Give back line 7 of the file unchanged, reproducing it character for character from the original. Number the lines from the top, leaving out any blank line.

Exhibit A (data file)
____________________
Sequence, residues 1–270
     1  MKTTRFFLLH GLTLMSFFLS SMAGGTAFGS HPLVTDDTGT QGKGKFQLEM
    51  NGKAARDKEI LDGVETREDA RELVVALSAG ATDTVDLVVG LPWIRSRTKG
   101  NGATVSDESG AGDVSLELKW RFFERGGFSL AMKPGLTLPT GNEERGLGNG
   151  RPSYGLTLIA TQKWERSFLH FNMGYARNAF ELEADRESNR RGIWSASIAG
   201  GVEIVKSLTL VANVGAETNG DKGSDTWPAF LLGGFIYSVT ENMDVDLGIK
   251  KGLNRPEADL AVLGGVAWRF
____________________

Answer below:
   251  KGLNRPEADL AVLGGVAWRF